Actually, I did. I lived near that Rancheria in Sonoma County about 10 years prior. The local Pomos had been upset with State Parks activities in the Russian Gulch area. Parks had been insufficiently respectful of some of the archaeological resources. There were a couple of meetings and I had attended just to be supportive. During that time I met some wonderful elders. I was particularly impressed with one of the women. I had asked her if she would be willing to meet with me sometime as I was curious what the Pomo names were for some of the geological features of the area and she said she would. Alas, my life pulled me away from that area and the meeting did not come to pass but I had written down her name and number in my address book. Sufficient time had passed that I had a new address book, but I knew if I could remember her name it would help me immensely with my new friend. This woman had been central in keeping many of the old Pomo traditions alive. I kept talking with him while in my mind I was frantically turning the pages of that old address book, praying that I would find her name.
We talked more about oppression and how I believed that every human being carried a tremendous burden trying to find heir own path in life and their own unique reason for being here on earth. Fortunately I know enough history that I could hang in there with him and to his credit he offered some of his own young insight. I offered to him that the oppression he faces, while being a completely unfair and almost impossible burden, could also be the challenge that yielded to him the greatest of treasures. He actually asked me what I meant and I said to him that if, even with all he was facing, found his way to peace and understanding that it would be a unique gift to himself and all the races and that in fact he could become a teacher to others. All the while I am searching, pouring through the pages of that old address book, hoping and praying that I would find the name which at this point felt like the key that was going to make or break our time together.
As we spoke he was still mostly disdainful but he had softened. Although he was entirely skeptical about what was happening, he started to offer his own insight about his situation and life in general and it was really a pleasure for me to listen to this young man who only minutes before behaved toward me in a threatening manner.
And then I saw it. In my mind’s eye the page of my address book fell open and I saw her name.
“Oh!” I said, “I just remembered the name of the elder from Kashia.” And I stated her name (for the purpose of this essay, I will keep her confidential, I believe she is still alive.).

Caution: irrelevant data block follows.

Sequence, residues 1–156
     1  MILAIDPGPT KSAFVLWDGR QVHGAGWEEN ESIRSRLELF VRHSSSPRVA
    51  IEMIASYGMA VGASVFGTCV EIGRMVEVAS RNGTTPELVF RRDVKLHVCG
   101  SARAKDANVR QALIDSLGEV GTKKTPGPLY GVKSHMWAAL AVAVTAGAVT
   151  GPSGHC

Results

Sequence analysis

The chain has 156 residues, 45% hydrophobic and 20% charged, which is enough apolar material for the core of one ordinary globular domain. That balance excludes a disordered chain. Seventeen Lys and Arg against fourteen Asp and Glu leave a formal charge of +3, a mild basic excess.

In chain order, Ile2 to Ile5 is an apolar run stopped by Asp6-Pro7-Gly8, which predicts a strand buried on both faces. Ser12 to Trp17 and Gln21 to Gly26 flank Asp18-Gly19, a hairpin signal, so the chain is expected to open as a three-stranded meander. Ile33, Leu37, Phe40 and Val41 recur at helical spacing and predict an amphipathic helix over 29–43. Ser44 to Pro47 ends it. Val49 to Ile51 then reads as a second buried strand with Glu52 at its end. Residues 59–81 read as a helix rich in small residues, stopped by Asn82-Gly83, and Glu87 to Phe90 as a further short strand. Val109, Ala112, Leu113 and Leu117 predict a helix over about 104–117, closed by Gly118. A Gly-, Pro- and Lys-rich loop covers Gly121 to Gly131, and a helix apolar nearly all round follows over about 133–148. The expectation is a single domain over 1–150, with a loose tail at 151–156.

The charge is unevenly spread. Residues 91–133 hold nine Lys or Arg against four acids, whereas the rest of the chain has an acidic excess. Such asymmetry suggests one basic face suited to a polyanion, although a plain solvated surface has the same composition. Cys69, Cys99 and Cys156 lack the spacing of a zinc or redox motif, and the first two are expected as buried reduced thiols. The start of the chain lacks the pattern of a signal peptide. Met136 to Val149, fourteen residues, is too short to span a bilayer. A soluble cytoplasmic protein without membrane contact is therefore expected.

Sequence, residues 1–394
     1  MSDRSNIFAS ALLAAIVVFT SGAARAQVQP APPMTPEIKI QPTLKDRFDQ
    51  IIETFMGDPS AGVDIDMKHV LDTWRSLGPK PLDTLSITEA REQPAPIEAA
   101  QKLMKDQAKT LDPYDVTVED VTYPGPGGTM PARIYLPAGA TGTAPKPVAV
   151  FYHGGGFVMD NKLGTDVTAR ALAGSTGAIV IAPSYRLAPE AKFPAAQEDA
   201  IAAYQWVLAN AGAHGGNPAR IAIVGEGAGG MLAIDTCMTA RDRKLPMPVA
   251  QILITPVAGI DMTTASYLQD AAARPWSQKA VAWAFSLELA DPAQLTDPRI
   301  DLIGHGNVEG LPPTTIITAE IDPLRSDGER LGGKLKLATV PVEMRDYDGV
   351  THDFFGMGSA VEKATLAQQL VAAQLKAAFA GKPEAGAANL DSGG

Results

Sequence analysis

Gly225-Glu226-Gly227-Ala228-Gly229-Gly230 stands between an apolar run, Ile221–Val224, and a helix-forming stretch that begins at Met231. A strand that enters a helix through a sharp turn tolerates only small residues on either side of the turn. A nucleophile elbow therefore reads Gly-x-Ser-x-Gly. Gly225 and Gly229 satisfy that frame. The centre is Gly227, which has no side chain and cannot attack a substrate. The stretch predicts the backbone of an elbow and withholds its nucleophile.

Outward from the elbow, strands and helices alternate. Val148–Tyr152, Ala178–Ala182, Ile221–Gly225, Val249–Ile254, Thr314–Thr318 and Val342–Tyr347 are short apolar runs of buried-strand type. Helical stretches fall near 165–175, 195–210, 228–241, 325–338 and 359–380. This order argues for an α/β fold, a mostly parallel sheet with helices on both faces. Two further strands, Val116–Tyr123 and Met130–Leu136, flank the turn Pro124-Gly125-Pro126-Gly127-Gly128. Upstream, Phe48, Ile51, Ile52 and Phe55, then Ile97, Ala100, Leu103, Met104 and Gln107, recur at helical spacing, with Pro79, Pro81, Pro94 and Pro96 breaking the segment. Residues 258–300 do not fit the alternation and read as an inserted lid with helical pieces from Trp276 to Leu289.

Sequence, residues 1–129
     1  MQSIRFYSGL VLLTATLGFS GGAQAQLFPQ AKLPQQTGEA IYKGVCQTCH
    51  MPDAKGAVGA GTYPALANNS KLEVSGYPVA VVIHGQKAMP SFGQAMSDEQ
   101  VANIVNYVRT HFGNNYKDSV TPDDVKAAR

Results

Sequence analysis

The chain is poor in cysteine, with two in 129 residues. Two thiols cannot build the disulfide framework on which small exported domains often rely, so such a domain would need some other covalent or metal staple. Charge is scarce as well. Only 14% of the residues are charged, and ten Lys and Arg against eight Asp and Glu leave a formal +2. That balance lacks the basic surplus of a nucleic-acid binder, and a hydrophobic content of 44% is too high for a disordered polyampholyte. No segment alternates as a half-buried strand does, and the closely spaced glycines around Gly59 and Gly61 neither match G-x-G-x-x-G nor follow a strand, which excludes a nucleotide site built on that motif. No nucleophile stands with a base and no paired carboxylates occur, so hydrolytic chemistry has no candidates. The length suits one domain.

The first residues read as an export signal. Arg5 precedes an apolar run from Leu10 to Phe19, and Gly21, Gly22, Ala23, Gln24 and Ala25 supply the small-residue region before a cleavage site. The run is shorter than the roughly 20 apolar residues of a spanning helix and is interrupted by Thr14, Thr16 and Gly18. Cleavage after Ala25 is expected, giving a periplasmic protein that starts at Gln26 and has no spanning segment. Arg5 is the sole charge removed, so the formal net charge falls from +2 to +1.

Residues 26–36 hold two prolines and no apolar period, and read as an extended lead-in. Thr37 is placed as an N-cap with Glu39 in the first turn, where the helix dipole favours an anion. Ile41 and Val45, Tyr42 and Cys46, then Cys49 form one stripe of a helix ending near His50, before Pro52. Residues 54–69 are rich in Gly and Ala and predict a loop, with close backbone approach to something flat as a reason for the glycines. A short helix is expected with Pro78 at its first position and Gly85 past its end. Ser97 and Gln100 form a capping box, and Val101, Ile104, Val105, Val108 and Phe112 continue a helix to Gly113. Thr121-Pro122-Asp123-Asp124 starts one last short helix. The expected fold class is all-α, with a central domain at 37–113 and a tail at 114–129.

The look on his face was absolutely priceless. He audibly gasped and exclaimed, “Hhuuhh! That’s my Auntie!”
His entire body relaxed. His facial expression softened. His anger evaporated as his last defenses immediately and completely dissolved. The sudden transformation was a beautiful thing to witness.
He asked me how I knew his Auntie and I informed him of the circumstances. He asked me about my life in that area and how I came to know a little bit about the Rancheria. He talked about his life at Kashia, about the small school there and the people and his family. I listened with an open and whole heart. It was a truly incredible moment: here was this young man who, just a short time earlier, was attempting to intimidate me to the extent that I was unsure of my physical safety. Now he was talking to me like the best of new friends and I think he would have done anything for me if I had asked.
After some further conversation we eventually said goodbye to each other. He joined his friends and I was left standing on the playground astounded at the wonder of it all. I took a few deep breaths and rejoined my own companions.
I have reflected often about that incident. Even many years later it still resonates within me. I often wonder how “Jine” is doing, if he was able to find his way to his gifts or if he self-destructed at the hands of his anger and appropriate sense of injustice.
Months after the incident I was at the Kate Wolf festival and I befriended a native couple that were selling their leather work. We sat together and I decided to share with them the story of Jine, suddenly they were laughing so hard they were holding their sides, I asked them “why?” and they told me that Jine is slang for Injun. At last I knew my friend’s name.